He started at the explosive greeting behind him, turned and hugged his assailant. “Hi!” he returned.
“You made it,” Jofuran said.
“Did you think I wouldn’t?”
“I didn’t know. You seemed a little nervous when I suggested it.” He shrugged. “Anyway,” she continued, “These are my folks. This is my Mom, Helena, and this is Dad, Morrail.”
Nickolai shook hands with them both. “Good to see you again, lad,” her father said warmly. The chime for entry rang, so they walked into the sumptuous banquet hall and took their seats. There seemed to be plenty of room.
“So, tell me, Nickolai,” her father began, “Furry tells me you’ve had some adventures since you came on board. I understand you and she dealt rather handily with some hoodlums in the arcade.”
Nickolai nodded and said, “They were just kids.”
“‘Kids’ are usually quite good at those games.”
“But they don’t have the intelligence or the dedication to learn all the important things, Dad,” Jofuran said. “Besides, they weren’t pure of heart and intentions.” She smiled wide. Nickolai returned her smile, recalling that she had used that same argument on him.
“Be that as it may,” her mother said, “they’re still on this ship, and since you are going with the tour, they could still be a problem.”
“I already thought of that,” Jofuran replied. “I guess I’ll deal with it when it comes up. I intend to do sensei proud if I need to use what she taught me.”
“Good girl,” Morrail said. He turned to address Nickolai. “I also understand your mother doesn’t approve of this meeting?”
“My mother doesn’t believe…” He suddenly remembered just how many Pendorians were in the room with him and lowered his voice. “My mother thinks that Furry would be a bad influence.”
“Your culture’s going through some tough times, Nickolai,” Morrail said. “After all, Sexually Acquired Neoplasmic Syndrome was a nasty bit of business, and tracking it down required a lot of effort. It was perceived as being worse than any previous plague because it was not only cutting down people who were in the prime of their life, but also people who could be expected to maintain that prime for hundreds of years. Your culture is just now coming out of forty years of forced abstinence and sexual repression. Those people who survived that time have a very enforced mindset. What are you, sixteen, seventeen?”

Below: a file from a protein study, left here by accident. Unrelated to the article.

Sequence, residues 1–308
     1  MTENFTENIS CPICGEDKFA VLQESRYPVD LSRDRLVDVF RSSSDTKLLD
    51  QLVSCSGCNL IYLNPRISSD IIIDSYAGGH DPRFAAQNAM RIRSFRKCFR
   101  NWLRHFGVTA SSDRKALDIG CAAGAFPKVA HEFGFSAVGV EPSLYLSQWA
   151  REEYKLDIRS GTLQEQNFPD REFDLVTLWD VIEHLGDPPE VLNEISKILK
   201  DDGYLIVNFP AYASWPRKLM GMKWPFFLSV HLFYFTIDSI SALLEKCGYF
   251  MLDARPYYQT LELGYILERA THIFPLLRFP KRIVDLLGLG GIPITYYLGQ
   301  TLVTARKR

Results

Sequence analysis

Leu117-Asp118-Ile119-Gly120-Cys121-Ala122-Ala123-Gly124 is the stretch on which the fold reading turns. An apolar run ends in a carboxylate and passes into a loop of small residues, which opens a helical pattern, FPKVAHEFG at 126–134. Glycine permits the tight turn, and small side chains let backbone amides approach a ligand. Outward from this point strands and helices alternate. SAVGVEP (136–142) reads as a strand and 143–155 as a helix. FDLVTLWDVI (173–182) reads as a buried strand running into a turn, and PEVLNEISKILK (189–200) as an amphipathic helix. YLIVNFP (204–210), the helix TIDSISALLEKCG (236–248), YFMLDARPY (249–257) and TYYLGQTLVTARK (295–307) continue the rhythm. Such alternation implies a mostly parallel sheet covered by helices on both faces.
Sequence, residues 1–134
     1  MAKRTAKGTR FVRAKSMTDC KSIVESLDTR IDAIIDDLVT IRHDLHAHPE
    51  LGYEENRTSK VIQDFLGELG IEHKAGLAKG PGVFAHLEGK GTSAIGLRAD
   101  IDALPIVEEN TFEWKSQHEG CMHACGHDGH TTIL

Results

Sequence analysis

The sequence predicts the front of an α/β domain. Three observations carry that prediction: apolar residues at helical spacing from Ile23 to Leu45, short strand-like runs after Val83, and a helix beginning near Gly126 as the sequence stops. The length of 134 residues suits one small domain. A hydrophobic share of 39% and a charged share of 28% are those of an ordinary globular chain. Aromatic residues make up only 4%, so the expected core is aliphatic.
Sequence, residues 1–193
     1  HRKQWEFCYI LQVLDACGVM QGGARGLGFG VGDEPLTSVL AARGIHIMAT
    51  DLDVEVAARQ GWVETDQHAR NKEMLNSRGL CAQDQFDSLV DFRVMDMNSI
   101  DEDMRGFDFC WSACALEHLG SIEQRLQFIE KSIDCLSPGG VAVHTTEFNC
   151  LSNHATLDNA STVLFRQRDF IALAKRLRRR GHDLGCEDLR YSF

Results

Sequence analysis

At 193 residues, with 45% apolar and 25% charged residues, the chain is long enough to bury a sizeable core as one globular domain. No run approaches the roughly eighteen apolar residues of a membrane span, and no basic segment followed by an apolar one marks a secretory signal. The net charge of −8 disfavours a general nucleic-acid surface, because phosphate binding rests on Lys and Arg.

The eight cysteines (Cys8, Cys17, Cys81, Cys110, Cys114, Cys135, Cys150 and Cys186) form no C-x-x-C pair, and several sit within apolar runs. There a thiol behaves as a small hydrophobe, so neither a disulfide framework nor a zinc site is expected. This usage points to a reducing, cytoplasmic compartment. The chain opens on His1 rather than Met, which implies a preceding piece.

“Sixteen, sir. I’ll be seventeen in two months.”
“Sixteen, then. And don’t call me ‘sir,’ please; only my students call me ‘sir.’ You’re coming into your own just when it is permissible, if not yet acceptable, to once again be a sexually active teenager. Those who went through SANS aren’t quite up to speed yet. Your mother is probably one of those people who still have the animal and the sentient backwards.”
“Sir.. I mean…”
“Morrail will do fine.”
“Morrail, I don’t understand.”
“Lad, there are two halves to every person. Then again, I may just be one of those people who divides everything into two types. The two halves are the animal and the sentient. On Pendor, we chose to exalt the animal in our bodies… We maintain our physical health, engage in physical sports, and indulge in physical pleasures. The sentient we express in our relations with each other; we logically look at every dealing, every contract. We consult with sentience faster and more logical, though not necessarily ‘better,’ than our own.
“On Earth, it’s very different. Terrans exalt the animal as a part of their minds. They let the herd animal instinct drive them- your mob politics, demagoguery, Alpha-male behavior. On the other hand, you inflict pure sentience on your bodies. Ascetism, puritanism, celibacy; the body isn’t really made for such activities. It is a body; part of the physical world. It should be celebrated as such.
“Your mother is Talia Dittrich, as I recall; an artists of some measure. How would you feel if I criticized her work?”
Nickolai shrugged and drank from his glass of water. “It wouldn’t bother me.”
“Your mother’s work reflects much of your culture. There are reasons why drug and biocybe abuse are so very rampant in your culture; it’s an effort to get away from the desires of the animal.”
Jofuran’s mother interrupted Morrail’s long monologue. “On the other hand, Nickolai, our culture recognizes the advice of parents as very important. On Pendor you would be considered an adult; on Earth you are not yet. Are you quite sure that you want to defy your mother this way?”
“Dear,” Morrail said, interrupting, “You’re stepping on the affairs of our children.”
“No, I am not,” she replied. “I’m asking him to consider his future.”
“Wait,” Nickolai said. “I appreciate what both of you are saying. Look, Furry and I obviously getting along really well. She’s been the best thing that’s happened to me this whole trip.” He turned to Jofuran and said, “You’ve been kind and sweet and you’ve kept me from going out of my mind with boredom and embarrassment from my mother. Y’know, despite that word, ‘mother,’ she really isn’t.” He turned back to Jofuran’s mother and said, “I mean, I am her genetic offspring, but she really doesn’t know what to do with me.”
They were silent for a while, eating. Nickolai noted that despite their mouse-like appearance, they weren’t vegetarians, digging into the poultry being served with gusto. Conversation for the rest of the evening was light.